Apple enterprise certificates

To run an app on an iPhone, it has to be signed with a cryptographic stamp of approval. This is known as a digital certificate, which lets iOS confirm that a specific app has been created by a trusted source. Consumer apps need to be vetted by Apple’s staff before they can be made available through the app store. For businesses, Apple has created the “Developer Enterprise Program.”

Firms have to pay US$299 per year and adhere to strict regulations to get an enterprise certificate through the program. Only when they receive the certificate can the businesses distribute apps for use by their employees. So what would happen if the certificate was not installed? “These apps would show up as completely untrusted… You wouldn’t be able to install or run them. Period,” Navin Kumar, lead engineer at Insight Engines, said to CNET.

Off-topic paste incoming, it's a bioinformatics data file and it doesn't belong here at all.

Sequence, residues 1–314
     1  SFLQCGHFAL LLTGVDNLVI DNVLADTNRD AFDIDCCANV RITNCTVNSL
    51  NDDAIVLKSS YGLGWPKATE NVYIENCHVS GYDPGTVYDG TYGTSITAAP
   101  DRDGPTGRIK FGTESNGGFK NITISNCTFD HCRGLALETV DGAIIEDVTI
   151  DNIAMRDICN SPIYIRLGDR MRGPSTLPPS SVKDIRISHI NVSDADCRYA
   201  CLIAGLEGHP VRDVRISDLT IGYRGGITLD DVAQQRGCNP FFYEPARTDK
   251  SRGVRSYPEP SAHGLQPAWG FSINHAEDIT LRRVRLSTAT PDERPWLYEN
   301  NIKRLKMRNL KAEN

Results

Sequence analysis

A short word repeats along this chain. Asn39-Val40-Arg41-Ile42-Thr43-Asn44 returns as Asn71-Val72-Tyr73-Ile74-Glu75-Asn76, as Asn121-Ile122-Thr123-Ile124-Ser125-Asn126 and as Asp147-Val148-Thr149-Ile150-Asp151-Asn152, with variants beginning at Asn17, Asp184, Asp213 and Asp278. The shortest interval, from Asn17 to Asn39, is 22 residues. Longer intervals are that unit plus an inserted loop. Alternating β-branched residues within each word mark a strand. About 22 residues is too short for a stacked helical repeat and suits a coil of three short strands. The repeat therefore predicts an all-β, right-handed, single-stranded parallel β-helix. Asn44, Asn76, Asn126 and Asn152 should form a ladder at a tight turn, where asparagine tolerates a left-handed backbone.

Following the ban, Apple was touted as the “protector” of Internet data privacy by several people in social media. However, the ban did not last long and Apple restored the enterprise certificates of both firms shortly after.

Follow us on TwitterFacebook, or Pinterest

Recommended Stories

Atrail through the woods in the fall.

As Our Planet Gets Greener, Plants Are Slowing Global Warming

An international team of researchers says findings reveal a daunting outlook for our changing climate. ...

The black plague.

The Great Plague Was a Prelude to a New Dynasty

A disease not only plays a role in the fate of an individual, but it ...